Jack Beatty's incisive work on `The Gilded Age' does not purport to be a so-called `objective history' (if such a work exists). Indeed, in the title itself, "Age of Betrayal," Beatty implies the suborning of American democracy by the plutocratic oligarchy of the robber barons who emerged in the late nineteenth century.

And rob they did. Beatty shows the vast creation of wealth in the period from the end of the Civil War: production of iron, steel, oil, and manufactured goods increased enormously. But most of the wealth was directed into the hands of the plutocrats who thrived with the development of the railroads - the arteries of developing capitalism.

This amassing of untold and unseemly wealth, as Beatty explains in detail, was aided and abetted by the collapse of political democracy, even in the limited form projected by the founding fathers. Corruption became the coin of politics: the pockets of senators and congressmen were stuffed with bribes. Beatty quotes President Cleveland who vetoed a modest $10,000 appropriation for seeds to help Texas farmers recover from drought: "I do not believe that the power and duty of the Government ought to be extended to the relief of individual suffering....though the people support the Government, the Government should not support the people."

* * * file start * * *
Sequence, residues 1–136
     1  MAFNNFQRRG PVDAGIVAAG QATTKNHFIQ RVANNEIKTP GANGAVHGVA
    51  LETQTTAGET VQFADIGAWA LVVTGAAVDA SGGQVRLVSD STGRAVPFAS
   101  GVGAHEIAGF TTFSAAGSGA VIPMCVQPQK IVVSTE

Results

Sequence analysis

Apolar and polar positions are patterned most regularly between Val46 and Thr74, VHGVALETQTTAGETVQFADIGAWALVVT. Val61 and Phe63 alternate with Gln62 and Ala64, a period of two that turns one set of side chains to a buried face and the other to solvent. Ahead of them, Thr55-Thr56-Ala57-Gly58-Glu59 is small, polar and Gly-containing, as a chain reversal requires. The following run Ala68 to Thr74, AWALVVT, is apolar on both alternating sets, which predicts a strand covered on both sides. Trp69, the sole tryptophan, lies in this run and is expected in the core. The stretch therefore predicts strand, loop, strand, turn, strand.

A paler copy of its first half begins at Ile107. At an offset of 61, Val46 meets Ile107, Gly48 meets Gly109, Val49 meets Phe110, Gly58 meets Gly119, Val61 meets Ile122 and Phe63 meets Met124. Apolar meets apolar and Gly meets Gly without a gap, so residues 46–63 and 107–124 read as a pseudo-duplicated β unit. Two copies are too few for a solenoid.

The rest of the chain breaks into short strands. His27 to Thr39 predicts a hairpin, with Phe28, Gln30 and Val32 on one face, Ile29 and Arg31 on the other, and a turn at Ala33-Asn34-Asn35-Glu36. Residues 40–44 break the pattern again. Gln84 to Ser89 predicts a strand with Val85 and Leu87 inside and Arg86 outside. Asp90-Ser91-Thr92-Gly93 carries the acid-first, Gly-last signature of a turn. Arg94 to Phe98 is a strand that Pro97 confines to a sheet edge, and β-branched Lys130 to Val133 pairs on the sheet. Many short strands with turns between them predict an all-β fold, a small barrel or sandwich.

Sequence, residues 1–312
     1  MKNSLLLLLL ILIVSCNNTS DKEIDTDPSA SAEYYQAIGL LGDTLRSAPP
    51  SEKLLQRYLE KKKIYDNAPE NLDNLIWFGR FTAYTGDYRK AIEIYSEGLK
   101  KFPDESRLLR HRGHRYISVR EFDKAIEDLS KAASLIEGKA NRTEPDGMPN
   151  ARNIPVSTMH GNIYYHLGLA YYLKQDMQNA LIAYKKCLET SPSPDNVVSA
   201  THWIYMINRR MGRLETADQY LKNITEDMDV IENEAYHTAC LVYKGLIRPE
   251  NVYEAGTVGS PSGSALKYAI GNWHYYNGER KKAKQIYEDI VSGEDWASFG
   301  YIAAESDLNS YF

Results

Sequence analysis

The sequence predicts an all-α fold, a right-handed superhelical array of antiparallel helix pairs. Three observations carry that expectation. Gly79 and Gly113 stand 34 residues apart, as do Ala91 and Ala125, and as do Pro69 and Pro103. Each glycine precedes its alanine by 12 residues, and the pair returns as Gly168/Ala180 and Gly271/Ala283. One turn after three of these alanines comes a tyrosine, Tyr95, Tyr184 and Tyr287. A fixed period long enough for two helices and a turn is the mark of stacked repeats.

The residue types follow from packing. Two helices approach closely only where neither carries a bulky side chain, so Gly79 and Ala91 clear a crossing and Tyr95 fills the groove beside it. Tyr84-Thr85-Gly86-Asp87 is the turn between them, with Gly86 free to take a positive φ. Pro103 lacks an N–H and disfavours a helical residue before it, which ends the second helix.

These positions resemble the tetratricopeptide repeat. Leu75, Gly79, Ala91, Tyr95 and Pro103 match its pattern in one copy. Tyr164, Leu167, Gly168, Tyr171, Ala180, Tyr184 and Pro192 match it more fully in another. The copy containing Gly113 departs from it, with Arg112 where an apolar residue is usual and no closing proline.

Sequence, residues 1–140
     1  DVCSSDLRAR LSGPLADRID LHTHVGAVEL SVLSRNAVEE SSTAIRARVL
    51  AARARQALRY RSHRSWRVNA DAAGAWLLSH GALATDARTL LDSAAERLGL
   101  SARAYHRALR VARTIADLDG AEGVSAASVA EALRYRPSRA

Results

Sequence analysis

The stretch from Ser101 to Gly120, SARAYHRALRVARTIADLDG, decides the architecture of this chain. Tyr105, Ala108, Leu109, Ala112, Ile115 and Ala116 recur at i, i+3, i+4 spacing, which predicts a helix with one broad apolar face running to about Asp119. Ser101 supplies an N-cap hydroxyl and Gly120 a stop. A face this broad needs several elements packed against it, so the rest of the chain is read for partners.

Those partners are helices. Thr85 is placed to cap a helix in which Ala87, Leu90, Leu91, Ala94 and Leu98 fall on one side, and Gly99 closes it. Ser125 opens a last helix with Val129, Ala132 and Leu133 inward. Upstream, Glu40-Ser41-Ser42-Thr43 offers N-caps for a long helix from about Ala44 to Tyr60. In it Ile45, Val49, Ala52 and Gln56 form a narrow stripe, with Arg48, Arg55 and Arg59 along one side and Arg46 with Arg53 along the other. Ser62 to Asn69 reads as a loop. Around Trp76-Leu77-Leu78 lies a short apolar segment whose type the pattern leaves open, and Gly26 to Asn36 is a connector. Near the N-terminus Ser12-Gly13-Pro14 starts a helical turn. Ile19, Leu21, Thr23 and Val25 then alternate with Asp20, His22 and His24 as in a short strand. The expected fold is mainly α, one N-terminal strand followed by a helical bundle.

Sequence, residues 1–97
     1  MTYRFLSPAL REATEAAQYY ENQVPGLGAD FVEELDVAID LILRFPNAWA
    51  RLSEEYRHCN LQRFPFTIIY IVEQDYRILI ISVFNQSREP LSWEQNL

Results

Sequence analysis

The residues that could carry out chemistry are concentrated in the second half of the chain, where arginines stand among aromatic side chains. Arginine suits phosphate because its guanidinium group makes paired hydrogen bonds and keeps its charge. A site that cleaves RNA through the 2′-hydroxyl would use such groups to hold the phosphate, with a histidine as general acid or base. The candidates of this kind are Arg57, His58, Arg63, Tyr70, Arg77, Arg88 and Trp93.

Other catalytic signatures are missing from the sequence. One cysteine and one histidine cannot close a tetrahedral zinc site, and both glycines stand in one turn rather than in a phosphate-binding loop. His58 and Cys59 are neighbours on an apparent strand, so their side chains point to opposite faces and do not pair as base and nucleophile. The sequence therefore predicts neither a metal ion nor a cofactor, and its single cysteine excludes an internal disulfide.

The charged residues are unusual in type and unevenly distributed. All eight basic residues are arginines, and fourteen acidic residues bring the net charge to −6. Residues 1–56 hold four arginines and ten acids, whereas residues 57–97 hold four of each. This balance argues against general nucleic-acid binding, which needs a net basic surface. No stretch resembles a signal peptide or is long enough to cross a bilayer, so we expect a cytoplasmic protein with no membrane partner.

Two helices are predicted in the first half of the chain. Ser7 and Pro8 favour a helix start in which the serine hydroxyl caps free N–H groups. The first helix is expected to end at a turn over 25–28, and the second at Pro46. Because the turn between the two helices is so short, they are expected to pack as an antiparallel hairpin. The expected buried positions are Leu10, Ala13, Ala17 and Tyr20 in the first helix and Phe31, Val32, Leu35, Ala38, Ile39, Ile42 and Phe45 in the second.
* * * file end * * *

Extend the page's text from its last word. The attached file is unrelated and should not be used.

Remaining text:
Beatty shows accurately that the plunder over the Gilded Age decades was encouraged not only by the executive and legislative branches, but also by the Supreme Court. By invoking the 14th Amendment, the court gave the corporations the status of persons: the court ruled in favor of Property at all times.
Read more ›
Comment 7 people found this helpful. Was this review helpful to you? Yes No Sending feedback...
Thank you for your feedback.
Sorry, we failed to record your vote. Please try again
Report abuse

Most Recent Customer Reviews